Half of every lecture will be on the language of mathematics and metric spaces. The closest book to my notes is Rosenlicht's (1968) "Introduction to Analysis". I recommend that everyone buy a copy of Rosenlicht's book.
For the calculus and convex analysis topics, the closest book to my notes is Boyd and Vandenberghe's (2004) "Convex Optimization". For the dynamic programming topic, the closest book is Stokey and Lucas' (1989) "Recursive Methods in Economic Dynamics".
You might also find these books helpful: Kolmogorov and Fomin's (1970) "Introductory Real Analysis", Angel de la Fuente's (2000) "Mathematical Methods and Models for Economists", and Luenberger's (1969) "Optimization by Vector Space Methods".
A large part of the class is about writing proofs. This is an art in itself, and there are several books about this:
- Daepp and Gorkin's (2011) "Reading, Writing, and Proving: A Closer Look at Mathematics",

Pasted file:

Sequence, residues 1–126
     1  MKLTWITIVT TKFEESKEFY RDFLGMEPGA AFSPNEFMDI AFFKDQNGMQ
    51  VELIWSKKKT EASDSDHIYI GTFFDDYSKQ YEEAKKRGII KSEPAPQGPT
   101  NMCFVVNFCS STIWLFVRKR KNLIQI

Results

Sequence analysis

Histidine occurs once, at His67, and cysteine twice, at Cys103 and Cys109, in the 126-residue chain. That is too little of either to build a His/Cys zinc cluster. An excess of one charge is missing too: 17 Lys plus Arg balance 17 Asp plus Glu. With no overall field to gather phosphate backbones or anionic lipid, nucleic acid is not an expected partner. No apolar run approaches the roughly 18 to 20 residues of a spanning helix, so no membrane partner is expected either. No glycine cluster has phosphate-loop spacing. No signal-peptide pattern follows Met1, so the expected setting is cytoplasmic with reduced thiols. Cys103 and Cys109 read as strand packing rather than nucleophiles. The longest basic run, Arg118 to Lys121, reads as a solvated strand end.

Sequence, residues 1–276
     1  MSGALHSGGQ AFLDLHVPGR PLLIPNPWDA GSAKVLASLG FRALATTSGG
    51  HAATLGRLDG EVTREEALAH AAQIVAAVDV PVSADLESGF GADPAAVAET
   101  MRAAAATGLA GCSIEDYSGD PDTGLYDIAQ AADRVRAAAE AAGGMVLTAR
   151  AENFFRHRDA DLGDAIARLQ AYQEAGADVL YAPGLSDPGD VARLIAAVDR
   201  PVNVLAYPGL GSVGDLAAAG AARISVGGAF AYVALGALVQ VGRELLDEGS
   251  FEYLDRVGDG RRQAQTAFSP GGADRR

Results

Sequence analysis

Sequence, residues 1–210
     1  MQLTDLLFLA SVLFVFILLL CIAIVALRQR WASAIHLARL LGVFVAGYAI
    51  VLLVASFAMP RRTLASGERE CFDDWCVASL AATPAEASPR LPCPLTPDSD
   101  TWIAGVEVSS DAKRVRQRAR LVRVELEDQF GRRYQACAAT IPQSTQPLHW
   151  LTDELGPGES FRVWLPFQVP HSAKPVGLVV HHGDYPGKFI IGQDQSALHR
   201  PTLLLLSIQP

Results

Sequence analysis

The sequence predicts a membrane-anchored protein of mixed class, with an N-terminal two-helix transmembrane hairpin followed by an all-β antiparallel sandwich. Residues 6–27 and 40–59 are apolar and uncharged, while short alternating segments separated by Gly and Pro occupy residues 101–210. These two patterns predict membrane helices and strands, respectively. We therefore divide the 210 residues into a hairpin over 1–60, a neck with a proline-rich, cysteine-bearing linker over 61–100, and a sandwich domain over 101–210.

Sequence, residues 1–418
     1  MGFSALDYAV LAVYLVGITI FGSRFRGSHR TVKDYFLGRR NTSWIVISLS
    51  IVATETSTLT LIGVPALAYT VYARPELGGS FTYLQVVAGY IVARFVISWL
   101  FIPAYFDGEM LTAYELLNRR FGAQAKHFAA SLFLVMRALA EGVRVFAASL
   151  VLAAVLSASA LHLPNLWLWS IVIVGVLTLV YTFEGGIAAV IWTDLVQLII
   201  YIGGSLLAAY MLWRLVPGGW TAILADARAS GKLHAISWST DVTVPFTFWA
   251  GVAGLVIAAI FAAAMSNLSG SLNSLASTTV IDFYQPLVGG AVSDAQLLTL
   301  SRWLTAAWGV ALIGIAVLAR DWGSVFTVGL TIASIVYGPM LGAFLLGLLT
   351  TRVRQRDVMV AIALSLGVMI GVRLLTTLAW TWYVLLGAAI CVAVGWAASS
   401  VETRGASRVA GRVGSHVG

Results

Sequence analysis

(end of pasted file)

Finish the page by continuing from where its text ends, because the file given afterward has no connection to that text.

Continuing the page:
- Kane's (2016) "Writing Proofs in Analysis",
- Liebeck's (2015) "A Concise Introduction to Pure Mathematics",
- Oliveira and Stewart's (2015) "Building Proofs: A Practical Guide",
- Robert's (2010) "Introduction to Mathematical Proofs: A Transition",
- Solow's (2005) "How to read and do proofs: an introduction to mathematical thought process",
- Sundstrom's (2013) "Mathematical Reasoning: Writing and Proof" (open access),
- Velleman's (2006) "How to prove it: a structured approach".
The economics topics in my notes are closer to Varian and Kreps than MWG, but quite different from all of them.
MWG means Mas-Colell, Whinston and Green's (1995) "Microeconomic Theory". V means Varian's (1992) "Microeconomic Analysis". K means Kreps' (1990) "A Course in Microeconomic Theory". KK means Kreps' (2013) "Microeconomic Foundations 1: Choice and Competitive Markets". SL means Stokey and Lucas (1989), "Recursive Methods in Economic Dynamics". Debreu (1960) is Topological methods in cardinal utility theory.
- Production Functions See: V1, MWG5, K7.1
- Profit Maximization See: V2, MWG5, K7.2
- Upper Envelopes and Value Functions See: V3, SL4, MWG5, K7.2
- Cost Functions and Dynamic Programming See: V4, SL4, MWG5, K7.3, K.A.2
- Upper Envelopes with Constraints See: V5, SL4, MWG5, K7.3
- Utility Functions See: V7, MWG3, K2.1
- Time Preference See: Debreu (1960), V19, SL4, SL5, MWG20, KK2.5
- Utility Maximization See: V7, MWG3, K2.2
- Consumer’s Value and Policy Functions See: V7, MWG3, K2.2, K2.3
- Expenditure Function and Policy Functions See: V7, MWG3, K2.2, K2.3
- Slutsky Decomposition See: V8, MWG3, K2.3
- Economies See V17, V18, V19, MWG16, K6.1, K6.2